The author is the Associate Chair, Department of Economics, Ateneo De Manila University. This piece was published in the Yellow Pad column of Business World, 07 June 2004 edition.
” Good question. The answer is: no. We are not going to be another Argentina.”
The past few months, concerned investors, business leaders, policy
makers and students increasingly ask economists whether the Philippines
is heading towards an “Argentina Crisis.” There are good reasons to
worry. Hence, it is a good question to ask. But the main answer is
“no”. The argument follows.
Two significant intermediate factors led to the “Argentine Crisis.”
First, the Argentine economy suffered 3 consecutive recession years
from 1999 to 2001. There are several arguments that attempt to explain
the cause of recession and why it extended for 3 years. Many argue that
the Asian Currency Crisis spilled over Argentina the same way that it
partially affected the Russian Crisis. Others argue that Argentina’s
“obedience” to follow IMF prescription to cut fiscal expenditure
extended what could have been a short-lived recession. Nonetheless, an
extended recession was a major force that led Argentina to the Crisis.
Second, the Argentine Peso was consistently overvalued during the
intermediate time before the Crisis. The overvaluation had to do with
two factors. The first factor had to do with the steady Argentine Peso
despite the fall of the Brazilian Real. More than anything, this made
the Peso overvalued relative to its important neighbor currency, the
Real. The second factor is simply the failure of its relatively fixed
exchange rate regime (crawling peg) to adjust despite its lack of
international trade relative to its national income.
Immediate conditions follow the intermediate conditions. Extended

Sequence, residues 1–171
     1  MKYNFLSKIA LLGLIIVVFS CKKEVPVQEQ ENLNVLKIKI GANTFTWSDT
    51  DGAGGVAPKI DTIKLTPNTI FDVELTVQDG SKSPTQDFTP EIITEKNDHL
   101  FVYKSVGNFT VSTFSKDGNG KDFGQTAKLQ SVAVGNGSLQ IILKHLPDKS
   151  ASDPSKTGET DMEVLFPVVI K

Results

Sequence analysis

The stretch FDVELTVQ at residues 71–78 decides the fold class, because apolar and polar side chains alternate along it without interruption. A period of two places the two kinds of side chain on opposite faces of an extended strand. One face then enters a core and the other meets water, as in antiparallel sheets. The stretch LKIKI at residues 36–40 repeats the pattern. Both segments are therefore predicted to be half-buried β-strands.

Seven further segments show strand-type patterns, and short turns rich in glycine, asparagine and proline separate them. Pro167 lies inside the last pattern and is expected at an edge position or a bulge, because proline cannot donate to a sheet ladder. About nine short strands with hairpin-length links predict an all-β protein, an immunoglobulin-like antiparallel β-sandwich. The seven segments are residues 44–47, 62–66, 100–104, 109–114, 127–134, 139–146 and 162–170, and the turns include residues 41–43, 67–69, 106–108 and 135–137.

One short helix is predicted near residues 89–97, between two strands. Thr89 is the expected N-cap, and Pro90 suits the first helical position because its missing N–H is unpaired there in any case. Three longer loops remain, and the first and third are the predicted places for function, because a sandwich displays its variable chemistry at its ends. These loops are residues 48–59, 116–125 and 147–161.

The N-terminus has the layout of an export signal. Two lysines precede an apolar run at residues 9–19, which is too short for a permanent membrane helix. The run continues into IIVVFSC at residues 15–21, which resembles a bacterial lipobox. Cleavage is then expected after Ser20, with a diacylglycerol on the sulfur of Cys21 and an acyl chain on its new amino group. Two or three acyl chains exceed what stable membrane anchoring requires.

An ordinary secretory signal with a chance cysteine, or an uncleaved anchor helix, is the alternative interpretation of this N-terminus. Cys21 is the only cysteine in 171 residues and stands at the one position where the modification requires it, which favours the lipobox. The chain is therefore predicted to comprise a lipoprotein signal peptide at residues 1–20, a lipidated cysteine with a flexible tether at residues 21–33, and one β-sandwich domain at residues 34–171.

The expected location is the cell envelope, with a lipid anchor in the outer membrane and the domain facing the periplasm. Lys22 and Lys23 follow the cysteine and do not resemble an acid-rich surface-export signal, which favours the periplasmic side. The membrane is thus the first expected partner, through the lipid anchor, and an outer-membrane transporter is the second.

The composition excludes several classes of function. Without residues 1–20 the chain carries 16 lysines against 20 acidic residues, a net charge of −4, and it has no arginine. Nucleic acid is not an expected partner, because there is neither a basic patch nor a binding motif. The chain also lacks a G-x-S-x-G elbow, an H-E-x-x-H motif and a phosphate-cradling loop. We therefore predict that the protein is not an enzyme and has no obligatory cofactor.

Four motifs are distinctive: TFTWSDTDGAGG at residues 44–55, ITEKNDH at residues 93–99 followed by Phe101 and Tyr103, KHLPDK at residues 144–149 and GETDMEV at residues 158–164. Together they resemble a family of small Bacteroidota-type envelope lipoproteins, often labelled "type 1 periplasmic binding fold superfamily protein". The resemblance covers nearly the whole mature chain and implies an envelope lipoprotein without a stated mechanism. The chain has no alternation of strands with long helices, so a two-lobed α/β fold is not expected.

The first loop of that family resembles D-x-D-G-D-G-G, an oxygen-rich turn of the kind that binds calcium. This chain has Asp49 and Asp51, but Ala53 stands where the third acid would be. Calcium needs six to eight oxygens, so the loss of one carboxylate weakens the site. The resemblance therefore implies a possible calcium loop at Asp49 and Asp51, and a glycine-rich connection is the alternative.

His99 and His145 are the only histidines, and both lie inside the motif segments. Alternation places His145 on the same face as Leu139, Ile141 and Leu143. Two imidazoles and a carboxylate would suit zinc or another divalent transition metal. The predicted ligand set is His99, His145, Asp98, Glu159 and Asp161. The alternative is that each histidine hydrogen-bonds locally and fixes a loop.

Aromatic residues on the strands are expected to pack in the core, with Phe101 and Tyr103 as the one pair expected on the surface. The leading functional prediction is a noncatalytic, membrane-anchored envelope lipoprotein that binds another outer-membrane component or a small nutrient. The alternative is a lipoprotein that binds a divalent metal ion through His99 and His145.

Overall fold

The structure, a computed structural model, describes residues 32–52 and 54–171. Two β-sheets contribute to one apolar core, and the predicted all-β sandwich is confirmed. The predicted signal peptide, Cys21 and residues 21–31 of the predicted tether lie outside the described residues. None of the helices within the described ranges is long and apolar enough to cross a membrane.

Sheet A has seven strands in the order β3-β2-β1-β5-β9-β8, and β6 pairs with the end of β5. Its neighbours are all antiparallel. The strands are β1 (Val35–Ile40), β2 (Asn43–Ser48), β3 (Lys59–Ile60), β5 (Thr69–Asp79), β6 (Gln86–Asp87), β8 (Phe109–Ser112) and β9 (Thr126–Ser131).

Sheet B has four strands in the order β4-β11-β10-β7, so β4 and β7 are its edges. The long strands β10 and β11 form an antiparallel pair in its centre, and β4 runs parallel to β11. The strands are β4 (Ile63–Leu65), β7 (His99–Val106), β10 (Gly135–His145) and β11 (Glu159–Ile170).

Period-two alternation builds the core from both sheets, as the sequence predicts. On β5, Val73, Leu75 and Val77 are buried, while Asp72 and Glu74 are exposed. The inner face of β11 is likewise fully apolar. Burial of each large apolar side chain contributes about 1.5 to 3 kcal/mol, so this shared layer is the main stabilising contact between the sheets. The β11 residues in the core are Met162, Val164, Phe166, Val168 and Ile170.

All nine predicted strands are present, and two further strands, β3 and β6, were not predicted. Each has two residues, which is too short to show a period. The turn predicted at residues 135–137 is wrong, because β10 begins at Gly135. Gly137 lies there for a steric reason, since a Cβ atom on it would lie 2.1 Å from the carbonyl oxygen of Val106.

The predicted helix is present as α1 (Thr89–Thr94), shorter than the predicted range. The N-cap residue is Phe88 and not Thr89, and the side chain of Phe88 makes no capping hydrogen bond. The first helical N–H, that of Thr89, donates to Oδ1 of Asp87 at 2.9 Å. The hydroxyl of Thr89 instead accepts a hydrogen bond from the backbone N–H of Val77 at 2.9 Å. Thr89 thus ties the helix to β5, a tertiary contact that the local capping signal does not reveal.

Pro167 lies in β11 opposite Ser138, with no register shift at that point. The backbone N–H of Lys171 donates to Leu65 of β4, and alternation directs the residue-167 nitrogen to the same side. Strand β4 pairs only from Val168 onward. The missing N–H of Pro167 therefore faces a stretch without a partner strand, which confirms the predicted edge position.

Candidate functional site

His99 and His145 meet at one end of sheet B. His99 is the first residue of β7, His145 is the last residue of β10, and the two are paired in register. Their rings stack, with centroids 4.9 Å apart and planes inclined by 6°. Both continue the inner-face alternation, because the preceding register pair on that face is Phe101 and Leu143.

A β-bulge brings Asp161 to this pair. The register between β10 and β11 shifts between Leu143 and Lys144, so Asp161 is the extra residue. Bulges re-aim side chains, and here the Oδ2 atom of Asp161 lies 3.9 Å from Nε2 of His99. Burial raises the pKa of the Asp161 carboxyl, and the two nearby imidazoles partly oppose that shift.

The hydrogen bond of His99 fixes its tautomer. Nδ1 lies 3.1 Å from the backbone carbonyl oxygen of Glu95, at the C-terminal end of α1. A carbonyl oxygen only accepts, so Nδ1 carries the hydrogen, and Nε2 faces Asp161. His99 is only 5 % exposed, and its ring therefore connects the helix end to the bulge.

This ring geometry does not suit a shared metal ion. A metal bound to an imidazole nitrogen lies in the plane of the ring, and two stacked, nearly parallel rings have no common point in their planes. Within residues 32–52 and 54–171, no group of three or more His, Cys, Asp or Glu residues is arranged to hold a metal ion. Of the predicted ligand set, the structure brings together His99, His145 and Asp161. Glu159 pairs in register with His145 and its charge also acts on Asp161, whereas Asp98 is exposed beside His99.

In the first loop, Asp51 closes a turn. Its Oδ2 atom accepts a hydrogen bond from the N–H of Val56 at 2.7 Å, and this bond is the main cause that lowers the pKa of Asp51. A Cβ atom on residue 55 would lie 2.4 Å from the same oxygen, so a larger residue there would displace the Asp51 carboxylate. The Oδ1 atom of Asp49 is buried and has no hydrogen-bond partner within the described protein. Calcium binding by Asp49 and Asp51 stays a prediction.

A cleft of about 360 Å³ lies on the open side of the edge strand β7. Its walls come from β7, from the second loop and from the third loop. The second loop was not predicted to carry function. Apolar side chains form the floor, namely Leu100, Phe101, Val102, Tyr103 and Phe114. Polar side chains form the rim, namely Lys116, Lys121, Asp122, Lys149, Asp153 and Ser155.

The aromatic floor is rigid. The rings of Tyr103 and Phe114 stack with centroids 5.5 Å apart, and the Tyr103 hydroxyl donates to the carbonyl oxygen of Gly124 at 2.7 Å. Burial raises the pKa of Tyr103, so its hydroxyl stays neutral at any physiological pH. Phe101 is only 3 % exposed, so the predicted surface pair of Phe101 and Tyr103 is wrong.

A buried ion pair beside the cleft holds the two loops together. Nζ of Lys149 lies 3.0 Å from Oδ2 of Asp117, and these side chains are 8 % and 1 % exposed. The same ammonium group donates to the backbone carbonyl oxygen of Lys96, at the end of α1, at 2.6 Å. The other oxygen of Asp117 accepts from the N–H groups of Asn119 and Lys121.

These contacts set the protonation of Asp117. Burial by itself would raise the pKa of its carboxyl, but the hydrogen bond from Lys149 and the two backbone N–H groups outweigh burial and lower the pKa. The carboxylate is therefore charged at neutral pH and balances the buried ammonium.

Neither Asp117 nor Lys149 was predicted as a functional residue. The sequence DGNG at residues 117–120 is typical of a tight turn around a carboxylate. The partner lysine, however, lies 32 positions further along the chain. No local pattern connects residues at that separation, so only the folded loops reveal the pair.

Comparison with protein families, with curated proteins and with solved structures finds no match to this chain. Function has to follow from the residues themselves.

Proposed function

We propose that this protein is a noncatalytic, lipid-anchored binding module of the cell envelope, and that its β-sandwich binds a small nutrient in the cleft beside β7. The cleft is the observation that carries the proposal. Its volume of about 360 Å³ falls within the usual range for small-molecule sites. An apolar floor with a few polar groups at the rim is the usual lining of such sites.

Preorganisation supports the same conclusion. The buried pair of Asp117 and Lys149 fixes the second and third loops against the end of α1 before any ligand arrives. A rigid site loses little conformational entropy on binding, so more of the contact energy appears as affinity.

recession led to economic uncertainty. Uncertainty led to drastic
increase of interest rate and decrease of investment. The increase of
interest rate increased the cost of servicing its debt. In 2001, net
foreign direct investment decreased by over 70%. These trigger the
crisis. Argentina suspended its external debt service. In 2002, the
economy worsened to the point of making its three years recession look
minor. Conservatively speaking, GDP contracted by over 10%. Annual
inflation was over 30%. And net foreign direct investment decreased
again by over 60%.
So is the Philippines going to be another Argentina? The first half of
the answer is: “Good question.” Before the Argentine Crisis of 2001,
the Argentine external debt to GDP ratio was 51%. In 2003, the
Philippine external debt to GDP ratio is 50%! The ratios are almost
identical. The equivalent amount of foreign debt is half of the total
annual income of the economy. Before the Crisis, Argentine total
(domestic and foreign) debt to GDP ratio was 65%. In 2003, the
Philippine total debt to GDP ratio is 85%! The Philippine ratio is even
worse. To put it in perspective, South Korea’s total debt to GDP ratio
during the peak of its own crisis in 2000 was only 30%. Based on these
numbers, an economist should say “Yes! The Philippines is going to be
the next Argentina.” Yet I say that we should take these numbers very
seriously. The worry is legitimate. And this is exactly why it is a
The second half of the answer is: no. Consider the following numbers.
Before the Asian Currency Crisis (1996), the external debt to GDP ratio
was 48%. This is almost the same as that in 2003. Despite the Asian
Currency Crisis and one of the worst climactic catastrophes ever (El
Nino), the Philippines suffered almost the minimum time of recession.